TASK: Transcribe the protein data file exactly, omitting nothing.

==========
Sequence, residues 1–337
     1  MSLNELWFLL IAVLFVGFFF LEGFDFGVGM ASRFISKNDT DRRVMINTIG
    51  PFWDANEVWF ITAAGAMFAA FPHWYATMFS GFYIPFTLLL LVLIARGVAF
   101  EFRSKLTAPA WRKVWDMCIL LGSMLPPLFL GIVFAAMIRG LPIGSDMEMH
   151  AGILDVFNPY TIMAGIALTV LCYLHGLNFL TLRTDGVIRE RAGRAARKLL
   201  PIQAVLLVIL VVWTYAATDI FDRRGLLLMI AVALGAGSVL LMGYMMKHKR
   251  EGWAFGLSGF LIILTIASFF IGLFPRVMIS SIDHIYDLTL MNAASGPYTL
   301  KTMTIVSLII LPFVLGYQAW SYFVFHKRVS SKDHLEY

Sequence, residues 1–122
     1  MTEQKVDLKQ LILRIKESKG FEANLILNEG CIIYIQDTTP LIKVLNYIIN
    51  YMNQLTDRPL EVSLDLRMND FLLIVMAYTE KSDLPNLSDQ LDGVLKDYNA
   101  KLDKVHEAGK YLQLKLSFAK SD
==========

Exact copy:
Sequence, residues 1–337
     1  MSLNELWFLL IAVLFVGFFF LEGFDFGVGM ASRFISKNDT DRRVMINTIG
    51  PFWDANEVWF ITAAGAMFAA FPHWYATMFS GFYIPFTLLL LVLIARGVAF
   101  EFRSKLTAPA WRKVWDMCIL LGSMLPPLFL GIVFAAMIRG LPIGSDMEMH
   151  AGILDVFNPY TIMAGIALTV LCYLHGLNFL TLRTDGVIRE RAGRAARKLL
   201  PIQAVLLVIL VVWTYAATDI FDRRGLLLMI AVALGAGSVL LMGYMMKHKR
   251  EGWAFGLSGF LIILTIASFF IGLFPRVMIS SIDHIYDLTL MNAASGPYTL
   301  KTMTIVSLII LPFVLGYQAW SYFVFHKRVS SKDHLEY

Sequence, residues 1–122
     1  MTEQKVDLKQ LILRIKESKG FEANLILNEG CIIYIQDTTP LIKVLNYIIN
    51  YMNQLTDRPL EVSLDLRMND FLLIVMAYTE KSDLPNLSDQ LDGVLKDYNA
   101  KLDKVHEAGK YLQLKLSFAK SD